• Tick Wait for window
  • Timeout [s]: Enter a timeout period in which the splash screen will disappear
Click the COG icon to generate your exe file.
IMPORTANT!: The library paths are relative to your exe. In my example, MYAPP.exe MUST launch from a file location containing the LIB folder holding the libraries. You are not required to implicitly mention each library whilst configuring your exe, as you are with JSmooth.

You should now have a runnable exe file bundled from your compile .jar file. Take some time to explore the advanced functions within the configuration menus.

Once you’re happy with your configuration you may save the settings in XML, i.e. MYAPP.XML.

You can call Launch4j from command line, specifying the XML file as follows:

”C:\Program Files (x86)\Launch4j\launch4j.exe” “C:\TMP\MYAPP.xml”

This process will auto-generate the exe file using the settings saved earlier to XML.






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SQL Server SSMS Saving changes is not permitted

You may receive this dialogue if you’re using a fresh install of SSMS, or after an upgrade. It simply means your environment hasn’t been configured to allow certain changes which require the dropping, and re-creation, of a table.

Such actions include:

  • Adding a new column anywhere other than the end of a table
  • Deleting a column
  • Updating column configuration, such as Allow Nulls or the Data Type
  • Changing the column order

You can modify your environmental settings to allow for these actions form the Tools menu. Click Options, expand Designers, and then click Table and Database Designers. Un-tick Prevent saving changes that require the table to be re-created and click OK.

You may now commit your table changes.

 

SQL – How to Update and Select in the same query

The OUTPUT clause Returns information on each row affected by an INSERT, UPDATE, DELETE, or MERGE statement.

These results can be returned to the processing application for further use.

The following example uses the OUTPUT clause to return row values in conjunction with an UPDATE query which effectively enables a SELECT and UPDATE command in the same query.
 
— CREATE TEMP TABLE
CREATE TABLE #TempTable ( URN INT, F1 VARCHAR( 50), F2 VARCHAR(50 ), USED VARCHAR (1))
— INSERT DATA
insert into #TempTable values ( 1,’F1_Val_1′ ,’F2_val_1′, ‘N’)
insert into #TempTable values ( 2,’F1_Val_2′ ,’F2_val_2′, ‘N’)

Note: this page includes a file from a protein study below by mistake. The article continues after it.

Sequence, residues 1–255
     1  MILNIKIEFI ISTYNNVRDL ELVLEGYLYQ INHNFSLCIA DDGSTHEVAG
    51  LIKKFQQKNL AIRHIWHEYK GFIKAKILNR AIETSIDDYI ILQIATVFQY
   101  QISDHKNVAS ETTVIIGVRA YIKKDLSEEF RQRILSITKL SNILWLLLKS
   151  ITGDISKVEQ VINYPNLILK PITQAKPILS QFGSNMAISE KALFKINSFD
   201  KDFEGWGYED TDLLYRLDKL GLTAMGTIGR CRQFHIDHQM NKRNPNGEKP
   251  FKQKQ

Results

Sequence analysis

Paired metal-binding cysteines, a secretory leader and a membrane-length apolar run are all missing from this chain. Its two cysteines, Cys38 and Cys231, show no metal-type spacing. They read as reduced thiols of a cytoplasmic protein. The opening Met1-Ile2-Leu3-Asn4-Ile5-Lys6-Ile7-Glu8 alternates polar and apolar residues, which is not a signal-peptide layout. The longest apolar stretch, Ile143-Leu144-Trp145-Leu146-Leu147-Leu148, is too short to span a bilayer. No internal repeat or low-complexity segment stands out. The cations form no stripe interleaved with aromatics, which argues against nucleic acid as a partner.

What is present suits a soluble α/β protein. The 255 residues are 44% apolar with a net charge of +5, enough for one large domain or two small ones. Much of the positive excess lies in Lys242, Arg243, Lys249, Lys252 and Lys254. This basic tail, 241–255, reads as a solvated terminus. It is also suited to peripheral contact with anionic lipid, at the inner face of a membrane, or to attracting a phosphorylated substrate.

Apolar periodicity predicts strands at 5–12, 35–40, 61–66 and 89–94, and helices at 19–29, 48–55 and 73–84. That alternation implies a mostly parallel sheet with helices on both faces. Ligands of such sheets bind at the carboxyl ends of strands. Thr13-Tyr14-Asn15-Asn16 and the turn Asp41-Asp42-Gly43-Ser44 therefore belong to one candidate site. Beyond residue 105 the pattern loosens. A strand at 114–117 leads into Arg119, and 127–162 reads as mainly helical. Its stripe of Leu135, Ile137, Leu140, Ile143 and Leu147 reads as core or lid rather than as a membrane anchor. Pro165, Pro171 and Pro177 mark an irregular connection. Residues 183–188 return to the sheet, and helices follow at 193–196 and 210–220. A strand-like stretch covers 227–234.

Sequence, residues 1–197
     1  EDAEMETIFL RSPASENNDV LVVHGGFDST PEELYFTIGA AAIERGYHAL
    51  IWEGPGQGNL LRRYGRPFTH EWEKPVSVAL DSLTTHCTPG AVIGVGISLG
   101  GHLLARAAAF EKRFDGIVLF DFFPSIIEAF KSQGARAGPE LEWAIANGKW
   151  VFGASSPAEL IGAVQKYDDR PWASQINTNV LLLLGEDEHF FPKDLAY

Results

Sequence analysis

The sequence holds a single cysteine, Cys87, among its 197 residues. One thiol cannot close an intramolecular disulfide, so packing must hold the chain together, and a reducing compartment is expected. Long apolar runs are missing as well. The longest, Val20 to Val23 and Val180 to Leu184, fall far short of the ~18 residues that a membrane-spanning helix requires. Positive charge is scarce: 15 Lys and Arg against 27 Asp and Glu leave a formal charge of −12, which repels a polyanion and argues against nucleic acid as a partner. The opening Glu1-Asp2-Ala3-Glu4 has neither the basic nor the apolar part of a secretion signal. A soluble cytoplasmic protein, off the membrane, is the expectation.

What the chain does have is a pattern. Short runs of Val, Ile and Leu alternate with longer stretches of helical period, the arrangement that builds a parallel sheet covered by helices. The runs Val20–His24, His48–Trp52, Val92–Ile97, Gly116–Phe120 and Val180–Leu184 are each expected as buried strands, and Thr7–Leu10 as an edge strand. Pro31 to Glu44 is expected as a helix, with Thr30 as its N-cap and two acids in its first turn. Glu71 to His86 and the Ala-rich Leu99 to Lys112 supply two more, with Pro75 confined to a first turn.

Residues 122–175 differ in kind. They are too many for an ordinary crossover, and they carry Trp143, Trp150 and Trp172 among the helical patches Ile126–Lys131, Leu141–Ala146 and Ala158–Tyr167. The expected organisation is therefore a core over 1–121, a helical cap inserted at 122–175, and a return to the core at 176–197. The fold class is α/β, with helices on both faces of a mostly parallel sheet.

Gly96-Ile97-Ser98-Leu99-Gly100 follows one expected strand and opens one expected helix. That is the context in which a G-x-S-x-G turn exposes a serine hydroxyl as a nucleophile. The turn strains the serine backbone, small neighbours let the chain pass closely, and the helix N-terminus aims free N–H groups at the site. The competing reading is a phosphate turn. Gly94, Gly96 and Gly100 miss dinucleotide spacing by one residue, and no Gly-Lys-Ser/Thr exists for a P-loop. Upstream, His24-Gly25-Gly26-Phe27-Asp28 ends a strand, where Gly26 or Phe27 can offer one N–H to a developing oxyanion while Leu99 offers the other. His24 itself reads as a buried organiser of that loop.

insert into #TempTable values ( 3,’F1_Val_3′ ,’F2_val_3′, ‘N’)

— UPDATE SINGLE ROW IN TABLE WITH NEW VALUE
— USING OUTPUT COMMAND TO RETURN FIELDS OF UPDATED ROW
UPDATE #TempTable
SET F1 = ‘F1_New_Val’
OUTPUT Inserted.URN, Inserted.F1, Inserted.F2
WHERE URN = 1

— UPDATE MULTIPLE ROWS IN TABLE WITH NEW VALUE
— USING OUTPUT COMMAND TO RETURN FIELDS OF UPDATED ROWS
UPDATE #TempTable
SET F1 = ‘F1_And_F3_new_Val’
OUTPUT Inserted.URN, Inserted.F1, Inserted.F2
WHERE URN in (1 ,3)

— UPDATE ALL ROWS IN TABLE WITH NEW VALUE
— USING OUTPUT COMMAND TO RETURN FIELDS OF ALL ROWS IN TABLE
UPDATE #TempTable
SET F1 = ‘New_Global_Val’
OUTPUT Inserted.URN, Inserted.F1, Inserted.F2

— UPDATE TOP 1 ROW IN TABLE WITH NEW VALUE
— MARK USED = ‘Y’
— USING OUTPUT COMMAND TO RETURN FIELDS OF UPDATED ROW
UPDATE #TempTable
SET F1   = ‘F1_New_Val’
,USED = ‘Y’
OUTPUT Inserted.URN, Inserted.F1, Inserted.F2
WHERE URN in (select max( URN) from #TempTable WHERE used = ‘N’)

— DROP TEMP TABLE
DROP TABLE #TempTable

 

Java – How to scroll to a particular component in jScrollPane and gain focus

Pragmatically scrolling to a particular point in jScrollPane can be tricky, particularly if you have nested panels or layered panes. Here’s a piece of code I find myself using time and time again to have a jScrollPane scroll to a particular element and give it focus on screen.

1. Declare a JComponent and assign it the element requiring focus
JComponent comp = myTextField;
2. Adjust the vertical scroll bar to bring the component into view on screen. This is achieved by determining the Y location of the component in the scrollPane.
myScrollPane.getVerticalScrollBar().setValue(comp.getLocation().y-50);
I reduce the scroll integer value by 50 in my example to ensure the component is fully visible on screen.
3. The component is now visible on screen, so time to give focus.
comp.requestFocus();
Lets put it all together to scroll to, then give focus to, a particular component in a swing application contained in a jScrollPane.
JComponent comp = myTextField;
myScrollPane.getVerticalScrollBar().setValue(comp.getLocation().y-50);
comp.requestFocus();
If your swing application contains nested views in the scrollPane then you must call the getParent() method to move up the chain of views and establish the required scroll position.

Using the example above, lets say myTextField is contained in a jPanel, which itself is contained in the jScrollPane with an unknown Y position greater than 0.

The following code determines the Y position of the jPanel relative to the scrollPane as well as the Y position of myTextField relative to the jPanel. Sum the two values to set the scroll position.

myScrollPane.getVerticalScrollBar().setValue(comp.getParent().getLocation().y + (comp.getLocation().y – 50));
JComponent comp = myTextField;
myScrollPane.getVerticalScrollBar().setValue(comp.getParent().getLocation().y + (comp.getLocation().y – 50));
comp.requestFocus();
Next Steps…